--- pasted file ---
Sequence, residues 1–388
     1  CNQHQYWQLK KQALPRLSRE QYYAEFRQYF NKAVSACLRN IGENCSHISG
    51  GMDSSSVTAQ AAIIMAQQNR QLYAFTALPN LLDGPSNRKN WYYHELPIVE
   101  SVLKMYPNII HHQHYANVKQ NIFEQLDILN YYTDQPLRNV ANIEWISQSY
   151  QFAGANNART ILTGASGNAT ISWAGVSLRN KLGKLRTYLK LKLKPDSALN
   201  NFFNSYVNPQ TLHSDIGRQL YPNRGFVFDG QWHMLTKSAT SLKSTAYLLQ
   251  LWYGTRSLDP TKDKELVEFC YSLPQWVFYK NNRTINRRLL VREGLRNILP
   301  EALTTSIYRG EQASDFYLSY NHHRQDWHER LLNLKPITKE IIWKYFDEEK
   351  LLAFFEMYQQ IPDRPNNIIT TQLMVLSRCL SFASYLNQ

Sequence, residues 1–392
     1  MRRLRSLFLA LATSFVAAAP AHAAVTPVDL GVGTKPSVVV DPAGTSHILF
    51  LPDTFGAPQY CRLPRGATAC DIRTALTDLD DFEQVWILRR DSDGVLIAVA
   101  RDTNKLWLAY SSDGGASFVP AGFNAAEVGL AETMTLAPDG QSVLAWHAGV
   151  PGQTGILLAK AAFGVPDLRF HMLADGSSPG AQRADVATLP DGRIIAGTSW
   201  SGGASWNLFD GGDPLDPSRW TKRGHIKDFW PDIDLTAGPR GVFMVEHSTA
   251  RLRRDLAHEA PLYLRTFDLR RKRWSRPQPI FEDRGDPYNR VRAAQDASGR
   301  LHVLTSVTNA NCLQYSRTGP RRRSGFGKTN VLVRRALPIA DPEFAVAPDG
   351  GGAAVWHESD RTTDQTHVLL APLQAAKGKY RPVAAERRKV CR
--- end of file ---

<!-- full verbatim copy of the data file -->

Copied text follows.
Sequence, residues 1–388
     1  CNQHQYWQLK KQALPRLSRE QYYAEFRQYF NKAVSACLRN IGENCSHISG
    51  GMDSSSVTAQ AAIIMAQQNR QLYAFTALPN LLDGPSNRKN WYYHELPIVE
   101  SVLKMYPNII HHQHYANVKQ NIFEQLDILN YYTDQPLRNV ANIEWISQSY
   151  QFAGANNART ILTGASGNAT ISWAGVSLRN KLGKLRTYLK LKLKPDSALN
   201  NFFNSYVNPQ TLHSDIGRQL YPNRGFVFDG QWHMLTKSAT SLKSTAYLLQ
   251  LWYGTRSLDP TKDKELVEFC YSLPQWVFYK NNRTINRRLL VREGLRNILP
   301  EALTTSIYRG EQASDFYLSY NHHRQDWHER LLNLKPITKE IIWKYFDEEK
   351  LLAFFEMYQQ IPDRPNNIIT TQLMVLSRCL SFASYLNQ

Sequence, residues 1–392
     1  MRRLRSLFLA LATSFVAAAP AHAAVTPVDL GVGTKPSVVV DPAGTSHILF
    51  LPDTFGAPQY CRLPRGATAC DIRTALTDLD DFEQVWILRR DSDGVLIAVA
   101  RDTNKLWLAY SSDGGASFVP AGFNAAEVGL AETMTLAPDG QSVLAWHAGV
   151  PGQTGILLAK AAFGVPDLRF HMLADGSSPG AQRADVATLP DGRIIAGTSW
   201  SGGASWNLFD GGDPLDPSRW TKRGHIKDFW PDIDLTAGPR GVFMVEHSTA
   251  RLRRDLAHEA PLYLRTFDLR RKRWSRPQPI FEDRGDPYNR VRAAQDASGR
   301  LHVLTSVTNA NCLQYSRTGP RRRSGFGKTN VLVRRALPIA DPEFAVAPDG
   351  GGAAVWHESD RTTDQTHVLL APLQAAKGKY RPVAAERRKV CR